We other Blessed Sisters are at a loss. But the main reason I must contact you at this time is that Sister Mary-Fred wanted to enlist our help in a "Worldwide Campaign for Sainthood," which is something she started last month on a whim; we found your name on one of her mailing lists, which I fear she will continue to mail off to the Pope in Rome, if we cannot convince the postman to intercede on our behalf. Needless to say, we now have to write to countless innocent people who have possibly been taken in by this ruse, in order to apologize to them for her little flight of fancy; including the Spice Girls, Donatella Versace, President Clinton and his wife Hilary, Martha Stewart, and the Artist Formerly Known as Prince, among others too numerous to mention here. How she got their addresses I shall never know for sure. This Abbey is very large, old and drafty, with many secret passageways and corridors; and I was not aware until yesterday that Sister Mary-Fred has got a computer set up in a secret annex next to her room, and has become very proficient at "surfing the Net."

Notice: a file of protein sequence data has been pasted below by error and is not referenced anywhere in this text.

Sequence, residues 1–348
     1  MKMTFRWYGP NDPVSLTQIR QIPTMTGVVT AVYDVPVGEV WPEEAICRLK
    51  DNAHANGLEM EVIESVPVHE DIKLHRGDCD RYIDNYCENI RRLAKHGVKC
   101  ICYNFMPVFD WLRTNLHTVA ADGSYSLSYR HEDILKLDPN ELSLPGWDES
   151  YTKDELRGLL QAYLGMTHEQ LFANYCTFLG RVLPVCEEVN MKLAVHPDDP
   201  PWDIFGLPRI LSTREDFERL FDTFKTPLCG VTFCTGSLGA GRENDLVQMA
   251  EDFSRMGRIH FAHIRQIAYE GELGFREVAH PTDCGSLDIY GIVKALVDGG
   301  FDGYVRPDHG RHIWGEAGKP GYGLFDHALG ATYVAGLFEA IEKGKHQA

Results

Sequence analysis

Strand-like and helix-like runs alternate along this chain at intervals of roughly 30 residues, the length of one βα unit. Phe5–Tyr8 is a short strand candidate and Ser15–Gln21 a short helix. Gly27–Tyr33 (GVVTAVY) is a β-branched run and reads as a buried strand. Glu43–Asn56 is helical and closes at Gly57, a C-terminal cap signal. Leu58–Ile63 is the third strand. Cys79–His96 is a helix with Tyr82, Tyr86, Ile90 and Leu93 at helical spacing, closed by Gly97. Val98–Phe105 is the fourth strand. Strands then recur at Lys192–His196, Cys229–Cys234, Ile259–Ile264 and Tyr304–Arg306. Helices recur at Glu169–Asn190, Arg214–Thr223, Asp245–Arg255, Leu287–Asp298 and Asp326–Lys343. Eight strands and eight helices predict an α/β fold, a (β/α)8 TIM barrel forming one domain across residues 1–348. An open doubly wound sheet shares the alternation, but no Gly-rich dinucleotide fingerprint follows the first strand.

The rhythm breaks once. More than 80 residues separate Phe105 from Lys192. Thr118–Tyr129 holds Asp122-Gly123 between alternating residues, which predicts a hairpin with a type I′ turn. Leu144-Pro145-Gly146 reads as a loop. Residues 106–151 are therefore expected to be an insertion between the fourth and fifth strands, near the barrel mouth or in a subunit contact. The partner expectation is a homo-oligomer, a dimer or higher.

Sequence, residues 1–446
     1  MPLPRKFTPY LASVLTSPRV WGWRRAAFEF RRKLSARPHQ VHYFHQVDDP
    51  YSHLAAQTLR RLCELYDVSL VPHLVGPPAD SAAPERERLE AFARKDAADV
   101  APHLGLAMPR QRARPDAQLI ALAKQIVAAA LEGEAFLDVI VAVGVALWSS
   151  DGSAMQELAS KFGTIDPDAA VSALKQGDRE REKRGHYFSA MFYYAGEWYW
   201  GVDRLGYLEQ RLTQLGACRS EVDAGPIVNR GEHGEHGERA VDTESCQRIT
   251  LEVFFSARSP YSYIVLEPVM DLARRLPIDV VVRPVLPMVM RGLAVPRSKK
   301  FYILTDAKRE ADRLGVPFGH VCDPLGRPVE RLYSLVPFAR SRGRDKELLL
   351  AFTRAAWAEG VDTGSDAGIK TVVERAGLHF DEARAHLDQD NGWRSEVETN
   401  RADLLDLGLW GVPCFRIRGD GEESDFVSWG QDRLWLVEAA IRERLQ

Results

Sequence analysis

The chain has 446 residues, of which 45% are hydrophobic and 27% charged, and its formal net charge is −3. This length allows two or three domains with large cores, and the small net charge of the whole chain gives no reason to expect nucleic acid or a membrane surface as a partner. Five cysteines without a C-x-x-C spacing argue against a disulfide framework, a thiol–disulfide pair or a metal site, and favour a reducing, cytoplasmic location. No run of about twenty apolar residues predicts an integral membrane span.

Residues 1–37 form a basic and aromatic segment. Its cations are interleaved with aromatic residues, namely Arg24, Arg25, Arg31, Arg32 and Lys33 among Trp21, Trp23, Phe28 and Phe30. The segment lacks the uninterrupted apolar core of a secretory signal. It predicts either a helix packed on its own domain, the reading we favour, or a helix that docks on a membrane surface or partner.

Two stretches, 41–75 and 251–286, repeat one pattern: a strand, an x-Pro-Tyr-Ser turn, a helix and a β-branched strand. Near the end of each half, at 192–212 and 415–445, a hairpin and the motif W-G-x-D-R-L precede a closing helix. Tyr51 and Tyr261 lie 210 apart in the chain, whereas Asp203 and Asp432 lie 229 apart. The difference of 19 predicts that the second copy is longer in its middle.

Sister Mary-Fred is barely forty-four-and-a-half, and we fear this is rather young for her to be losing her mind. However, we wanted you to know the real truth of the situation, and to apologize, profoundly and deeply, for any inconvenience this upsetting situation may have caused you.

Yours in the Light of Hope,

Sister Marion-Bert Aretha Yolanda,
Hot-Cross-Bunthorne Abbey,
South Westchestershropshireford.

P.S. Anything Sister M.F. might have mentioned to you about a daily diary I am keeping is utter nonsense, and merely another instance in a long list of her delusional ravings.

Sir Charles replies:

Holy Sister,

Bang goes the notion of 'Saint Charles Grandiose.' One supposes that one should notify the staff to stop saving one's snipped toenails and nose hair clippings to sell later as holy relics.

And it was a pity. One had ordered one's holy robes from Harrod's, too.

Disappointedly, one remains,
Sir Charles Grandiose